'Try not to be afraid'

Courtesy photoLinda O’Connell, second from left, and her husband, John, third from left, pose for a photo with their children, from left, son Erik; daughter Beth Cossette; and son Chris and his partner, Victoria Briggs.

Linda O’Connell had gotten better about undergoing her routine screenings after her younger sister was diagnosed with breast cancer.

Then in April 2019, one of those routine screenings helped the 59-year-old O’Connell catch her own breast cancer.

“The lump was on my chest wall,” said the lawyer from Andover. “So you could never feel it. I only caught it because of the mammogram.”

Over the weeks that followed, O’Connell underwent two surgeries and had radiation every day for a month. Now, she’s on a daily maintenance pill for the next five years to keep the cancer at bay.

O’Connell wants people to know regular checkups and early detection truly make a difference.

“The routine screening is so important,” she said. “You can’t know until you almost lose your life how important.”

O’Connell continued practicing law through her treatments, including working on a large case that she had taken on right before her diagnosis.

She said figuring out who to initially tell about her situation was difficult because she still wanted to be viewed as a strong litigator. She ultimately told her client, but kept her diagnosis from the opposing lawyer. 

“Some people are sympathetic,” she said, “but some people take advantage of it.”

But once she started sharing her condition more freely with others, O’Connell said it was a relief. People responded with kindness, she said.

While cancer is a lonely diagnosis, letting people in helped, she said. Her friends, particularly those in her book club, “kept me in books and kept me sane,” she said.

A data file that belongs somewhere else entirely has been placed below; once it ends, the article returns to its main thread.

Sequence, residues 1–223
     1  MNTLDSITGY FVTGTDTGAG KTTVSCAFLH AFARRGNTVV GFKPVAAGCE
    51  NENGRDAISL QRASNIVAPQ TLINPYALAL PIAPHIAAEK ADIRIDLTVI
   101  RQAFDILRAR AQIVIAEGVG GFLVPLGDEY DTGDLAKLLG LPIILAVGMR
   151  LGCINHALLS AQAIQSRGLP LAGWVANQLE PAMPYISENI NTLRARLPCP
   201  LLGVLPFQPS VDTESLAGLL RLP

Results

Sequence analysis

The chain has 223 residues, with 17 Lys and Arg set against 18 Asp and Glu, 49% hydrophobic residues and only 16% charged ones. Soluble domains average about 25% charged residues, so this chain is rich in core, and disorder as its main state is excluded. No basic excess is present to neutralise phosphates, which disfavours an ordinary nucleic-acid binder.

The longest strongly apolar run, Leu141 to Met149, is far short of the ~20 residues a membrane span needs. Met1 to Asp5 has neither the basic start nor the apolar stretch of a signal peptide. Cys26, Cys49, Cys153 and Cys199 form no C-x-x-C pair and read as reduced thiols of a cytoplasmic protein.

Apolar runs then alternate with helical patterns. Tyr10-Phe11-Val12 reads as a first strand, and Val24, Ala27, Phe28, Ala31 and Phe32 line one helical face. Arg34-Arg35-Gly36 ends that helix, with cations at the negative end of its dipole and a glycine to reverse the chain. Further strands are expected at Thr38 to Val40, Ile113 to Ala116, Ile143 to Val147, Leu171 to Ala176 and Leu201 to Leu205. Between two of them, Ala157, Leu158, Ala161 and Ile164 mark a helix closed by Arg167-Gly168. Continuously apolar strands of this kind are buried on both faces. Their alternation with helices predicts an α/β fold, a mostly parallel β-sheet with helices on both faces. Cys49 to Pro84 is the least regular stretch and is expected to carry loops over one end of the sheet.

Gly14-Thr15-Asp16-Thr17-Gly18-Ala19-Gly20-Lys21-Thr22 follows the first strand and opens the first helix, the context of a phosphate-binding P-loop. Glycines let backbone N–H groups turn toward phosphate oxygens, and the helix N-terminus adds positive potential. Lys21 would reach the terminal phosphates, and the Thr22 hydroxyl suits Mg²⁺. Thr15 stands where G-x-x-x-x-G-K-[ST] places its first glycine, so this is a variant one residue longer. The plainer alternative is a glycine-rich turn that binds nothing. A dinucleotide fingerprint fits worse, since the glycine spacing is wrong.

“Try not to be afraid,” O’Connell advised those facing a similar diagnosis. “There’s nothing else anyone can do for you. You are on your own. You have to take care of yourself and you can’t feel bad taking care of yourself.”

O’Connell said getting diagnosed with cancer has ultimately helped her to become healthier. She’s going to the gym more and eating better now. 

“Put yourself first for a while, and that’s hard to do,” especially as a mother and grandmother, said O’Connell, who has two grandchildren.

“It’s a journey and (about) learning to appreciate life. Every day, every single day is precious.”

O’Connell is under doctor’s orders to get a mammogram every six months for the rest of her life.

The first one post-cancer was “terrifying, but all clear.” 

“Breast cancer saved my life,” O’Connell said. “It was a silver lining and a wake-up call. If you want to see your grandkids have kids, you have to get healthier.”

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